The odd thing about Northern Exposure that persists into this boxed set is the way the show often comes up short. For a DVD set flush with deleted scenes and alternate takes, it seems odd when the episodes seem to run out of script and dwell instead. So, for example, one episode ends with Ed and Ruth-Anne dancing on a mountaintop. The shot lasts almost a minute as the camera pans back up into the sky and away. It's long and the mood is tired by the time it's over. I'm all for mood, but it ought to say something. This just felt like "Wow, a helicopter shot!" In other words, it fails to add something to the episode. It is style for the sake of style as opposed to actual statement.

The DVD extras for this set are simply a pretty massive collection of deleted scenes (at least one per episode). There are a few alternate takes, but most of the "Unexposed Footage" this set essentially are bloopers. They are funny for a viewing or two, but I find myself wishing there had been a commentary track on several of the episodes. There were none.

For those who have not been into Northern Exposure before now, this set is perfectly accessible for those who have not been fans prior or who have not enjoyed the previous seasons. Instead, the episodes go out of their way to explain relationships when they pop up and any significant backstory needed. But more than that, the nice thing is that the early awkwardness's of the prior seasons are gone and in their place is a pretty solid show that is entertaining, insightful and overall just plain good. Anyone looking for something that is dramatic with characters who are not your typical ones, this boxed set works out nicely.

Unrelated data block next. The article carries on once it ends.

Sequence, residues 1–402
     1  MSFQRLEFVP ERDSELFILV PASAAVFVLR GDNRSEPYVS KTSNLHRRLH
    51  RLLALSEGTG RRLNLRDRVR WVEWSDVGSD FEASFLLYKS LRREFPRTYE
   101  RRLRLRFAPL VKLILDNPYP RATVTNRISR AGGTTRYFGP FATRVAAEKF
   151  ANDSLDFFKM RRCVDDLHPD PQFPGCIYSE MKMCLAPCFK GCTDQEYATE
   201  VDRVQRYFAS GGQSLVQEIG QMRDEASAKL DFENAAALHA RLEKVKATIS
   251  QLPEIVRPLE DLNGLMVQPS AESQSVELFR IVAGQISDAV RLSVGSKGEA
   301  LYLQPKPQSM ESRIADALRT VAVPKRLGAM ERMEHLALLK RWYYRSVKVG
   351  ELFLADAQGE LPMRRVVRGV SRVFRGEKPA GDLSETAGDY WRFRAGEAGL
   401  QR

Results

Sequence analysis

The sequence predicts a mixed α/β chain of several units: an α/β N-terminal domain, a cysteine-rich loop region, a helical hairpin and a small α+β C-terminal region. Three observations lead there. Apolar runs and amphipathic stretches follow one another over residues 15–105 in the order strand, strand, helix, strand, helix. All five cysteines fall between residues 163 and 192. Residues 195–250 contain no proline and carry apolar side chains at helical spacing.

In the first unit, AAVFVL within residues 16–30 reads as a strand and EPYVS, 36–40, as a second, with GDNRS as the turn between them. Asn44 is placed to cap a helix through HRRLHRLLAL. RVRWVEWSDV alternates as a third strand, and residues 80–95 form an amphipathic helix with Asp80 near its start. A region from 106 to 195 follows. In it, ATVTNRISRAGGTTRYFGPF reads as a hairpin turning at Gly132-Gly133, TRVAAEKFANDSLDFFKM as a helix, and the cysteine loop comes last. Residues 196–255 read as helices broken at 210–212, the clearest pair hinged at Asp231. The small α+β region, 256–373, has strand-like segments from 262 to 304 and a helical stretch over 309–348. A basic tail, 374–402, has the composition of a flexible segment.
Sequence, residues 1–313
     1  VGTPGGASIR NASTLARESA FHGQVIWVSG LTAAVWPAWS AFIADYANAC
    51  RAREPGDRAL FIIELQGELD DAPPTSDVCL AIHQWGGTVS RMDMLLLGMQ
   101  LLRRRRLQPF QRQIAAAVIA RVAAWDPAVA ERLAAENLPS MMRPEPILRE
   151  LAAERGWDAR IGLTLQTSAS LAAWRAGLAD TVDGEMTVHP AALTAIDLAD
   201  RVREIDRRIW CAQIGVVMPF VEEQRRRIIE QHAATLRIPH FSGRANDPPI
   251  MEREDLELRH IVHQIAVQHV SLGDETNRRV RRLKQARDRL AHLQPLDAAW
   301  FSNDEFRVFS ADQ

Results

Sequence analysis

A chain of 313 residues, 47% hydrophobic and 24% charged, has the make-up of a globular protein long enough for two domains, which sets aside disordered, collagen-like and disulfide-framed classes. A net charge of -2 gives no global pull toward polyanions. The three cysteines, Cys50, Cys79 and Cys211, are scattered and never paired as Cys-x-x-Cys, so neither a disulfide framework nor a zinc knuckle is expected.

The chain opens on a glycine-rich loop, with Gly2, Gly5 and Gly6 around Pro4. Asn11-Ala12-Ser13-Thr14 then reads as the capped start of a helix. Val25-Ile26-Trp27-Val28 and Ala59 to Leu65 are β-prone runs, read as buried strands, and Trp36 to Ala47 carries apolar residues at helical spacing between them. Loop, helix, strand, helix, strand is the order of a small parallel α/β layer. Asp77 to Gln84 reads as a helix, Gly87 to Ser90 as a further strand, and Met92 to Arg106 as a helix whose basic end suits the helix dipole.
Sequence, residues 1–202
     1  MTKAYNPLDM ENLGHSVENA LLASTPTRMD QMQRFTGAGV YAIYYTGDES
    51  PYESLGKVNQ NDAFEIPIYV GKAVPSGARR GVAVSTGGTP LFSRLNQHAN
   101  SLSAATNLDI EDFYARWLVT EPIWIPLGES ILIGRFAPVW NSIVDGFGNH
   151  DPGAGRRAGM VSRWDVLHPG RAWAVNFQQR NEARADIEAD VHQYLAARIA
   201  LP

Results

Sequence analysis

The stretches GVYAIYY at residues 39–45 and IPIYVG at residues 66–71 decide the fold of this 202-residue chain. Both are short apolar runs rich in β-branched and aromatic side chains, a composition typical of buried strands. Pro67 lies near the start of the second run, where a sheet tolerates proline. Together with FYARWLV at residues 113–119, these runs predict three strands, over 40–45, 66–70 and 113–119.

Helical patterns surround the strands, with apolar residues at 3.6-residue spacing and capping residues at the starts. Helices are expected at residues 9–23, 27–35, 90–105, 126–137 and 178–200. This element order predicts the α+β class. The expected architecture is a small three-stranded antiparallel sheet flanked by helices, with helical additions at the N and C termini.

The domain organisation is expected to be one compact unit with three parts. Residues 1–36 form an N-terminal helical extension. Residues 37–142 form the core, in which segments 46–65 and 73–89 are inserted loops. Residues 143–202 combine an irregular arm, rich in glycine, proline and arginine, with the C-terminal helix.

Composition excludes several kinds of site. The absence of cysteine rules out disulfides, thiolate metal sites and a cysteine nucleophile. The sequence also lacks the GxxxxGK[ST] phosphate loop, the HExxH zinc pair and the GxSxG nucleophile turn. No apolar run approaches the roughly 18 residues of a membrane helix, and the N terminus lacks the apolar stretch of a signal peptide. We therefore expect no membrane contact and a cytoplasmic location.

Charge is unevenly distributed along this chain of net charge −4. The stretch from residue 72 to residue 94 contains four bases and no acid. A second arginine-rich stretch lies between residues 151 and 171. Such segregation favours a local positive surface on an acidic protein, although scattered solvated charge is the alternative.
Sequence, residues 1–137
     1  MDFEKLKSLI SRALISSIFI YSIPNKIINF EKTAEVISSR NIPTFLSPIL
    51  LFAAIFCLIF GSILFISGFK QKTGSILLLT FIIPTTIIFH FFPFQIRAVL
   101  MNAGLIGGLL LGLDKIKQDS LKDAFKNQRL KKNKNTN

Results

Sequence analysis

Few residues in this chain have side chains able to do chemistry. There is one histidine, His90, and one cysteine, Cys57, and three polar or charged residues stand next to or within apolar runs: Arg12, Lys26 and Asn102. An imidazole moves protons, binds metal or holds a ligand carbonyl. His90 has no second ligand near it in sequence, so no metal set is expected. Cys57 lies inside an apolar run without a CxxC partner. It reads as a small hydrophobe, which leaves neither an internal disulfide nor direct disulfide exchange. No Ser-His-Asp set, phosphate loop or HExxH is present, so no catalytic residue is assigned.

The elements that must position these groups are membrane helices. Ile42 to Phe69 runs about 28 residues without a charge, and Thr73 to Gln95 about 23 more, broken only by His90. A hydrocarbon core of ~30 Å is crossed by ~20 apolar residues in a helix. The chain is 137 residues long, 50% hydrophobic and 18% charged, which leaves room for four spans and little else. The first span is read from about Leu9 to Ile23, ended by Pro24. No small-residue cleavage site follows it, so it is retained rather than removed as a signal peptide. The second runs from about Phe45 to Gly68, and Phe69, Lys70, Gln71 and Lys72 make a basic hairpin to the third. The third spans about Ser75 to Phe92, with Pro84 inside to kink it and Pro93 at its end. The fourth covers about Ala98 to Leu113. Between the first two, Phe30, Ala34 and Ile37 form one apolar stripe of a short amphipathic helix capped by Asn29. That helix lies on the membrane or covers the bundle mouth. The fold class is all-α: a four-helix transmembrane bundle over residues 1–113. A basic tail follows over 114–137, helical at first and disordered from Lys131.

And on the acting front, the actors all seem to be well in their niches. The regular cast is strong and they seem universally comfortable with who they're playing. The standout this season on the acting front would have to be John Corbett as Chris in the Morning. Corbett has some real acting challenges, like playing Chris with word salad, some significant dance moves and as both an open mind and quasi-spiritual leader for the town. His character is possibly the most dynamic and well-read on the show and as a result he often is given the most challenges as far as dialogue and he lives up to those challenges, creating a very memorable television character.

Conversely, most of the rest of the cast simply hones their performances without truly straying from their niches. They are decent performers performing well, but for the most part, the third season does not afford them any real acting challenges that we have not seen from them before.

It's easy to see - with this set - why Northern Exposure was popular and this makes a worthy addition to anyone's dramatic DVD collection.

For a better idea on some of the specific content of this set, please check out my reviews on these episodes from the collection:
The Body In Question
Seoul Mates
Burning Down The House

For the third seasons of other comedies, be sure to visit my reviews of:
Weeds - Season Three
Psych - Season Three
Friends - The Complete Third Season


For other television reviews, please visit my index page by clicking here!

© 2011, 2007 W.L. Swarts. May not be reprinted without permission.